Citizens arrived at the Court House at 10 am Tuesday morning February 17 to hear Item #9 on the Commissioners’ agenda: a presentation about the highway by CMI and NDOT, and to participate in Public Comment. They learned that CMI owns or leases the land the highway traverses in lower Gold Hill, the state owns only the thin strip of asphalt that constitutes the highway and right-of-way itself, nothing else. Five collapses have occurred at the Silver Hill shaft since the first one in 1965 and this latest episode has finally convinced everyone that the road must be moved. The Storey Commissioners reacted with uncharacteristic firmness and committed themselves to relocating and restoring the road to service as soon as possible.

Cynics have suggested that the commissioners abandoned their obsequious timidity toward the mining company because the road closure is hurting the tourist trade in Virginia City and two of the commissoners have C Street businesses. In fact the closure has had a negative effect on business generally in Virginia City after only a week and Virginia City’s business community is angry. The Truck Route (Highway 341) is a challenging, even intimidating road to drive at any time, but its loops and turns and lack of guard rails are especially dangerous in bad weather.

Storey County Manager Pat Whitten and the three Storey Commissioners pledged restoring the highway to use as soon as possible

Storey County Manager Pat Whitten and the three Storey Commissioners pledged restoring the highway to use as soon as possible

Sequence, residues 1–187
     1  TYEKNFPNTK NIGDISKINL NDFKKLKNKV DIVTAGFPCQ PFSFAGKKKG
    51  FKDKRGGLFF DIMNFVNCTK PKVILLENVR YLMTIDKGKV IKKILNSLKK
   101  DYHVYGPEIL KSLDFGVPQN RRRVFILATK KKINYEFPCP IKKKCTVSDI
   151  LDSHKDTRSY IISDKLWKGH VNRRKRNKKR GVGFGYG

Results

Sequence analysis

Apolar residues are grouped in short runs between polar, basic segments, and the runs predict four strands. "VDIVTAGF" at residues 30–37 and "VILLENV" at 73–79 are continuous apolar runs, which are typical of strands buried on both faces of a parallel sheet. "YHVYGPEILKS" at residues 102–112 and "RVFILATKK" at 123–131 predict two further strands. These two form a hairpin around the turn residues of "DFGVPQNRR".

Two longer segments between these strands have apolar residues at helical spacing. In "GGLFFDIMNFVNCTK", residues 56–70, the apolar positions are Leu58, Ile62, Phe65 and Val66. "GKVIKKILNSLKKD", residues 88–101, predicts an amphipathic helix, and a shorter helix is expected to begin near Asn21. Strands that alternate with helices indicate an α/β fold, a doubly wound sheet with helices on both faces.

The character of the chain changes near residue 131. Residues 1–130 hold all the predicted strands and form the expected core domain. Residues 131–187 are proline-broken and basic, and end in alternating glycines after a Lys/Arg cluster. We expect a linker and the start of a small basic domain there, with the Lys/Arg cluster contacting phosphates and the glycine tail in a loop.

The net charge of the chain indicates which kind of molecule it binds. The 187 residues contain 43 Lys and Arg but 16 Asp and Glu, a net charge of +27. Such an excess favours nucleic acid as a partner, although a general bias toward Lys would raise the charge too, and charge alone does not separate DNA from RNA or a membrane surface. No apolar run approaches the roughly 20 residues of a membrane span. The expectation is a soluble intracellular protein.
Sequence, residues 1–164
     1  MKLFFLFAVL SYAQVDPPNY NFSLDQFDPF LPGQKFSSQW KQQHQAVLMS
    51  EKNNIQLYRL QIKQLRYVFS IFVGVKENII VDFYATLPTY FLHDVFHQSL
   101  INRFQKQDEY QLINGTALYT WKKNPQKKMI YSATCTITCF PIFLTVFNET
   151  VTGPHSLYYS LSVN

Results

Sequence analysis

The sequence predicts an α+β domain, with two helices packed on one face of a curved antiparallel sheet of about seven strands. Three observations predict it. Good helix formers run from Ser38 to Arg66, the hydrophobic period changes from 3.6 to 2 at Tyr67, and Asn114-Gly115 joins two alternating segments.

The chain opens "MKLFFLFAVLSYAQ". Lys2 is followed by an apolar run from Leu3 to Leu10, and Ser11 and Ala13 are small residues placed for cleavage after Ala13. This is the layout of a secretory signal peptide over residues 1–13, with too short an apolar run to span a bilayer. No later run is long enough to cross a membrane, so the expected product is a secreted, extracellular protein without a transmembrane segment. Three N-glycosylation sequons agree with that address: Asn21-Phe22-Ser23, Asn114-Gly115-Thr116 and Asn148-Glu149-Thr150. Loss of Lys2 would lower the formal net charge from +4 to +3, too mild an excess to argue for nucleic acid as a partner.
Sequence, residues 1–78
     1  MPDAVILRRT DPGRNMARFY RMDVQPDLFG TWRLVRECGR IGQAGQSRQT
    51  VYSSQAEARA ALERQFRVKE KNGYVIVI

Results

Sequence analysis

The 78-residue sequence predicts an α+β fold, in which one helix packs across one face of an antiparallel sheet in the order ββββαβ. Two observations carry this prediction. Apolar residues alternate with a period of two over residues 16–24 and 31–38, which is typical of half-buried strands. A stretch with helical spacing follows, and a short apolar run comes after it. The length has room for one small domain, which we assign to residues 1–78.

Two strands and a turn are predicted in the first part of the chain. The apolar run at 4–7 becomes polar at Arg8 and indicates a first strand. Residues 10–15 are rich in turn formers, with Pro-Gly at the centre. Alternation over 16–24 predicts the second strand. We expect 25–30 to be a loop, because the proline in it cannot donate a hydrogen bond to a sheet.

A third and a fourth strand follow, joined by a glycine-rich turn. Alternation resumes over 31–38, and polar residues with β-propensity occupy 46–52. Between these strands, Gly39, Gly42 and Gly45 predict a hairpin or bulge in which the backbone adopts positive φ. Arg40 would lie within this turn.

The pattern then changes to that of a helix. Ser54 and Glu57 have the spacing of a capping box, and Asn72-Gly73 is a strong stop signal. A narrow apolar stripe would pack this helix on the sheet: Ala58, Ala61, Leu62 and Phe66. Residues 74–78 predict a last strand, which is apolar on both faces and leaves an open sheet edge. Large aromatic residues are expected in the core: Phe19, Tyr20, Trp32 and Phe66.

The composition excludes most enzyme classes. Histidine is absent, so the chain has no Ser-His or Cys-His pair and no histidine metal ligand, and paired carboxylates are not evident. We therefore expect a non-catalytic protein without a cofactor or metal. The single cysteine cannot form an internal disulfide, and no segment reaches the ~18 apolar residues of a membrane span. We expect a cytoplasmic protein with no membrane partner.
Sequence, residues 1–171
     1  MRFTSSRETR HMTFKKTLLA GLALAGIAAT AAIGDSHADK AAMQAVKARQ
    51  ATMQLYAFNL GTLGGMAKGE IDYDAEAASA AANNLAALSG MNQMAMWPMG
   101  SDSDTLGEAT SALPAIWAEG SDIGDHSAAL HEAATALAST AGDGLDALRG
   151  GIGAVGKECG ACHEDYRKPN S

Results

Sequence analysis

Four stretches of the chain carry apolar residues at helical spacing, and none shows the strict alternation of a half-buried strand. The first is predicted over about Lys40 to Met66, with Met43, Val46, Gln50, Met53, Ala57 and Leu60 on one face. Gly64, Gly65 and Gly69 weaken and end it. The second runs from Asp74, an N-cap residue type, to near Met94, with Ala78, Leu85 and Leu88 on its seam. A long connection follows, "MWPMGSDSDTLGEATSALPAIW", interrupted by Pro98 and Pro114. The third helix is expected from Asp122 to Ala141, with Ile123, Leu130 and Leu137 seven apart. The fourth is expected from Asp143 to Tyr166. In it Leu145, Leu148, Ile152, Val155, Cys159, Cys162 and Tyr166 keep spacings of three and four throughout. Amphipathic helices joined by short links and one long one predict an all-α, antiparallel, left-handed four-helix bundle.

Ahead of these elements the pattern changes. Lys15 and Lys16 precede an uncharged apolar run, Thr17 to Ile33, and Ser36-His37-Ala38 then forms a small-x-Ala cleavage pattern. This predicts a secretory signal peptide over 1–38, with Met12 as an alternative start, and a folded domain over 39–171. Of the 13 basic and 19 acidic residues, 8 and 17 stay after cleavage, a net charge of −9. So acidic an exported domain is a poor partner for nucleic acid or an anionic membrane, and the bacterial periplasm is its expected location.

On Wednesday February 4 a public tour of the problem area was conducted, and assurances were repeated that NDOT and CMI would select a new route for the road farther east, with CMI footing the bill. All parties committed to restoration of the highway taking precedence over mining.

NDOT is developing a two-step plan. “First we will be developing an interim solution to allow traffic to travel through the area safely, and then we would fully address any potential long-term solutions. That means that full details of a long-term solution likely won’t be finalized over the next few weeks or even months as we work to first make sure that traffic can safely travel through.”

That also means more trouble for CMI. Their production schedule has been interrupted as the stock price is dithering between 75 and 80 cents — probably too low for another public offering. Corrado De Gasperis has promised a profit “during the first half of 2015” but the delay and expense of the highway project may make that impossible. Where will the money come from to keep the company alive?

Public support for CMI in Virginia City is collapsing even faster than the mine shaft did, as the locals and the tourists have to use the truck route to get to and from US 50 and Carson City. They are learning the heavy price that comes with having CMI as a neighbor. Maybe it’s time for CMI to go down the Silver Hill shaft as well.

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  1. “Cynics have suggested that the commissioners abandoned their obsequious timidity toward the mining company because the road closure is hurting the tourist trade in Virginia City and two of the commissoners have C Street businesses.”

    As always, money talks!